I don't need to tell you the story, right? Well, here's a little bit: Salman, with code name Tiger, is an intelligence officer at RAW. An underutilised Girish Karnad is his boss, and and over utilised Ranvir Shorey, whose name is Gopi, but the look is kinda Muslim, is his aide. So, while on a mission, Tiger meets Zoya and almost woos her, when he learns she is an ISI agent. He shoots at her, right before intermission. Nothing great in terms of story in the next half, but I'd rather not include spoilers. 

Locales are not so great. Cuba, Kazakhstan ... not much to see. Dublin wasn't shown much of. Also, what kept going through my mind was, why do all Kabir Khan movies have a Muslim angle? Either countries or characters. Too clichéd, if you ask me!

There are only two things I have in my mind after watching Ek Tha Tiger:
1. Salman and Katrina need to get back together. In all fairness, neither is that great an actor, to fake the chemistry. They are meant to be together, and they should. The love, still shows.

2. Salman isn't an actor, per se. He still rakes in the moolahs. Your other talented and intelligent actors, need to act for an iota of what his films earn. Argue as much as you want, you cannot change this fact. The man has style, attitude and the power to woo his fans. 

In the song, Saiyaara, Zoya is shown wearing a white frock and goooorgeous red high heels in the first scene. Next scene, till the end of the song, she is shown wearing silver high heels. At another moment, when  Zoya is checking the stage lights and dances with Tiger, her hair is shown as all-open and then suddenly its tied. Poor editing.

There have been better stunts in other films, but I loved them. Call me biased or whatever. But Salman's introduction shot was whistle-worthy and so was the one in the end, where he jumps on to the helicopter. Katrina's stunts were niiice! A girl doing stunts is one of the coolest things!

Over all, Ek Tha Tiger might be a max 3star film, but Salman kept his fans happy. He looked good, danced cute, moved his tush adorably and did some awesome stunts. There was this couple on this screen, I loved to see together. I might watch it again, but hey ... go check it out for yourself!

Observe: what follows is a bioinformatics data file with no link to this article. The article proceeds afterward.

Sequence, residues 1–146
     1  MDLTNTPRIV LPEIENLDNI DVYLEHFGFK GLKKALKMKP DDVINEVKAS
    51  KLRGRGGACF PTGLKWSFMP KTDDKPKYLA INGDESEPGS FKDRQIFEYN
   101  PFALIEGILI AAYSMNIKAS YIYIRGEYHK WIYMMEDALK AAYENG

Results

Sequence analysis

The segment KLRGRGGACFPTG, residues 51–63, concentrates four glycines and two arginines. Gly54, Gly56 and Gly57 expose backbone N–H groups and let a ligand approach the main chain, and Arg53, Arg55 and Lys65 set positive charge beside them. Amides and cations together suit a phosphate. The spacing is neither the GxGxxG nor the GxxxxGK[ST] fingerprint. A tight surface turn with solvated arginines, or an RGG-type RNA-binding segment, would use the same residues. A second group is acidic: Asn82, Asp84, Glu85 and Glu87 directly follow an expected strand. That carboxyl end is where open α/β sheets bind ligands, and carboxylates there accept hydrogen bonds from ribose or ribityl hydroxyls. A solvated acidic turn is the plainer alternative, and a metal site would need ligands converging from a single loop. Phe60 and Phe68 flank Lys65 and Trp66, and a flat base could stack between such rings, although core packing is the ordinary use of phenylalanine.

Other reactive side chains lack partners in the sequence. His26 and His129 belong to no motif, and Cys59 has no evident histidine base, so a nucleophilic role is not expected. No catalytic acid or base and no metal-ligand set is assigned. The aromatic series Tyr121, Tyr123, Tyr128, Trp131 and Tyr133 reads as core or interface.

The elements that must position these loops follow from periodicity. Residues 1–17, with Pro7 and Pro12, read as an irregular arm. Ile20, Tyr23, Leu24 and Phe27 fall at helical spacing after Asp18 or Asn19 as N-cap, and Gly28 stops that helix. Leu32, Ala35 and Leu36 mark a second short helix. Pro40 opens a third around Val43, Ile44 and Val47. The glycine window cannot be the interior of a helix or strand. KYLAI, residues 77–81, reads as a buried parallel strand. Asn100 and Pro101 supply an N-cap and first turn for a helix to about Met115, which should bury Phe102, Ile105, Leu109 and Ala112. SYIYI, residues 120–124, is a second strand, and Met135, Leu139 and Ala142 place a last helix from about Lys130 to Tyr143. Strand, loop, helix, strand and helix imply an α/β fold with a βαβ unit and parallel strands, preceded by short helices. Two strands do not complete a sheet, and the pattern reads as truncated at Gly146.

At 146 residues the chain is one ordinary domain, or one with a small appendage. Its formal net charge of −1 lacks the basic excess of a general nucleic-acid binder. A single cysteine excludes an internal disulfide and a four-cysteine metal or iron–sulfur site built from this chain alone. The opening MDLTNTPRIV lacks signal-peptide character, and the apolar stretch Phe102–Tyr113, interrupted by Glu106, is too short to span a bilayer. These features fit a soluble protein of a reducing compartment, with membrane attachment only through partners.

Psst: 'Tha' doesn't always mean dead, silly! Stop believing BBM forwards!

Tuesday, August 14, 2012

Book Review: Love Virtually by Daniel Glattauer

Title:                   Love Virtually
Author:                Daniel Glattauer
Genre:                 Novel
Written:               2006 (Eng. 2011)
Length:                223 pages
Original in:           German
Availability:          Love Virtually - US
                          Love Virtually - UK
                          Love Virtually - Canada
                          Love Virtually - India
                          Quand souffle le vent du nord - France
                          Gut gegen Nordwind - Deutschland
                          Le ho mai raccontato del vento del Nord - Italia
German title:        Gut gegen Nordwind
Translated by Katharina Bielenberg and Jamie BullochN

Summary of the story:

It begins by chance : Leo receives e-mails in error from an unknown woman called Emmi. Being polite he replies, and Emmi writes back. A few brief exchanges are all it takes to spark a mutual interest in each other, and soon Emmi and Leo are sharing their innermost secrets and desires. The erotic tension simmers, and it seems only a matter of time before they will meet in person. But they keep putting off the moment – the prospect both excites and unsettles them. And after all, Emmi is happily married. Will their feelings for each other survive the test of a real-life encounter?
And if so, what then?

My review:

Love Virtually, (originally published as ‘Gut gegen Nordwind’ in German), is an international best seller. A love story, which begins ... and ends via emails, Love Virtually, is what one can call an ideal book to read on journeys, or when you are stuck in bed all day, with a sore throat and running nose, sipping on hot soup. 

Emmi, a 'happily married' woman of thirty four, accidentally sends an email to Leo, from where they begin to converse a bit .. which leads to as many as 28 emails exchanged with in five hours on a certain day. 

Emmi and Leo, move from being absolute strangers to getting to know each other bit by bit. Each page you turn, would make you think, "Will the meet?" and towards the end, when they finally decide to meet, your excitement will beat their's, I can bet!

Love Virtually is a tightly packed novel, showcasing the events spread through 7-8 months. The two characters share their joys and some sorrows, mostly random, trying to know each other.